Fourteen years ago, I visited Uppsala, Sweden. Uppsala is the closest thing Sweden has to a college town. Think of it as a Swedish Champaign-Urbana. If you haven’t been to Champaign-Urbana or don’t know much about Sweden, picture Gävle. Uppsala is like Gävle, only instead of a massive Gevalia coffee factory, it has one of Europe’s most prestigious universities, and instead of a giant burning straw goat, Uppsala doesn’t have a burning anything.
The important thing to know about Uppsala is that the science scene is tight. It’s been a while since I’ve been there, so it’s possible that I’ll get some of the details wrong, but stay with me. Between my fading memories and Wikipedia, what could go wrong?
The most memorable part of my trip was seeing Celsius’s thermometer. Before Celsius invented Celsius (the world’s one-and-only means of determining temperature), white folks didn’t have a way of telling cold from warm.
“Should I stick my hand in this bonfire?”
“Is today a good day to go wakeboarding on this frozen lake?”
These were mysteries. Occasionally, there was discomfort.
Celsius set forth to rectify this situation. He ripped off Fahrenheit by putting some delicious Mercury into a glass tube. Then, Celsius proceeded to stick his rod in various things and take note of what happened. While that might sound questionable, remember that he spoke Swedish.
Celsius was fucking crushing it. The influence of atmospheric pressure on water’s boiling point, the non-influence of atmospheric pressure of water’s freezing point– he nailed it.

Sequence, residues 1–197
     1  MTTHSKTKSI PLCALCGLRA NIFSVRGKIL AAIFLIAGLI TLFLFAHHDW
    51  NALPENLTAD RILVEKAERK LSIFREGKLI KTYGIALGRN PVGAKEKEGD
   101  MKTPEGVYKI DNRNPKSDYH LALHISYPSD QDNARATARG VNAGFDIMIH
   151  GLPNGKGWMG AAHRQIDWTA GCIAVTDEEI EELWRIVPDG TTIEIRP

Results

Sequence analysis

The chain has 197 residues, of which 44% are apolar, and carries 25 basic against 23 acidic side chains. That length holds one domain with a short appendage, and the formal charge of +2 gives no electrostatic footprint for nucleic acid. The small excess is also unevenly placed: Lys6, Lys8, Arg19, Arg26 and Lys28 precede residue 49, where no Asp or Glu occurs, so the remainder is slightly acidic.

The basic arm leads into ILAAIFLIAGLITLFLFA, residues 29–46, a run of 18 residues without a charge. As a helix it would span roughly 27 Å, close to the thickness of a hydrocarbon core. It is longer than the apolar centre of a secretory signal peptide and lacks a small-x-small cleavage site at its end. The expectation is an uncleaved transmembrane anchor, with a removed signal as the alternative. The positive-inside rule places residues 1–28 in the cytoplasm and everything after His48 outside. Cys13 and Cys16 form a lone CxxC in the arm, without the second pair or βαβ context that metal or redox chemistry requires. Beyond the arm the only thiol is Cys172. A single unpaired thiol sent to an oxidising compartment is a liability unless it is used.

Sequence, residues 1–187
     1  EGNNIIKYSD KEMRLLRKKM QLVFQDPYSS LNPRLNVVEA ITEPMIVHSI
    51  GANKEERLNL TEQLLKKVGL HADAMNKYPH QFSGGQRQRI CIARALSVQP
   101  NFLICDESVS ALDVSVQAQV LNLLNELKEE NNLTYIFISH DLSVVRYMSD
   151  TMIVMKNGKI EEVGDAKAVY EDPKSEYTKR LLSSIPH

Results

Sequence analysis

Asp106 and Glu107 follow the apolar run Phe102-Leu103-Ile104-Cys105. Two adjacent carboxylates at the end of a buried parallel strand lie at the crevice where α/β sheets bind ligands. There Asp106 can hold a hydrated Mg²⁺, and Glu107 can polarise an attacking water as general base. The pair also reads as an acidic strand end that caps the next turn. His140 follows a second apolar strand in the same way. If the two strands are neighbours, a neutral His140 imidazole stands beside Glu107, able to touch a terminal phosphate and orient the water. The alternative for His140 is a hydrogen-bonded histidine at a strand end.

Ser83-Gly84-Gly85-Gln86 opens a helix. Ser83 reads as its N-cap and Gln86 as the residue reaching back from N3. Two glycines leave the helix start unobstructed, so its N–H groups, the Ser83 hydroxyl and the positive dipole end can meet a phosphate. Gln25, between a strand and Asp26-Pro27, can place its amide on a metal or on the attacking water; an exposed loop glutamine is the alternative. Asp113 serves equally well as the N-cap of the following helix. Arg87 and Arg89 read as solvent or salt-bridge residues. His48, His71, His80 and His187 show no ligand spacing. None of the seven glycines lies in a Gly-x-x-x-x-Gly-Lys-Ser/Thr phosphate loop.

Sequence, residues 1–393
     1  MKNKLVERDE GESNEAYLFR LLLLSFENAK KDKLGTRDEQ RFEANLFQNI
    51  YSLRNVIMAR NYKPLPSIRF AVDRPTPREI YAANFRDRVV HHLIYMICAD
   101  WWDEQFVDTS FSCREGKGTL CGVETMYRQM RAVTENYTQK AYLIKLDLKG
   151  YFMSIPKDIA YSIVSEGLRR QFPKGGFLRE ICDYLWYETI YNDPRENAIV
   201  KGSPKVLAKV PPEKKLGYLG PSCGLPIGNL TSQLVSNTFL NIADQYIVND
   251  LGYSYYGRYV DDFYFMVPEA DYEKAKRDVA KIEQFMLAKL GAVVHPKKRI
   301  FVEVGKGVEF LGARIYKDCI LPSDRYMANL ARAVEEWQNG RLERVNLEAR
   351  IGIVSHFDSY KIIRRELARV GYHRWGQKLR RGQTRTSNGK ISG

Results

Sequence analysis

Meanwhile, the other player in Uppsala was Carl Linnaeus. I’d like to say that the two were BFFs, but I don’t think that was the case. I can’t imagine Celsius Snapchatting Linnaeus to be all like “check out my rod!” (Besides, those guys spoke Swedish.)
It’s not like Linnaeus would have gotten back to some crusty astronomer about a magic tube. Linnaeus was busy being a biology party boy. Yes, that used to be a thing. These days the kids are all Macklemore this and cinnamon challenge that. Back in the day, Saturday night was all about comparitive botany and systematic taxonomy. Linnaeus invented the 18th century version of Scattergories, and he was having all the people over to his house.
Eventually, Celsius died. You didn’t think he was still with us, did you? Anyhow, never one to miss a trend, Linnaeus got himself some thermometers. He was not impressed. He was all:
O_o Very Temperature. Why So Much Degrees?
You see, Celsius thought it was a good idea to make the boiling point of water 0 degrees, with the temperature increasing up to water’s freezing point of 100 degrees. Why not?
But Celsius wasn’t the biology party boy of Uppsala. Linnaeus took his Sharpie and flipped that rod. That, in essence, is why it’s -40 at my house right now.
Motherfucking Linnaeus, man.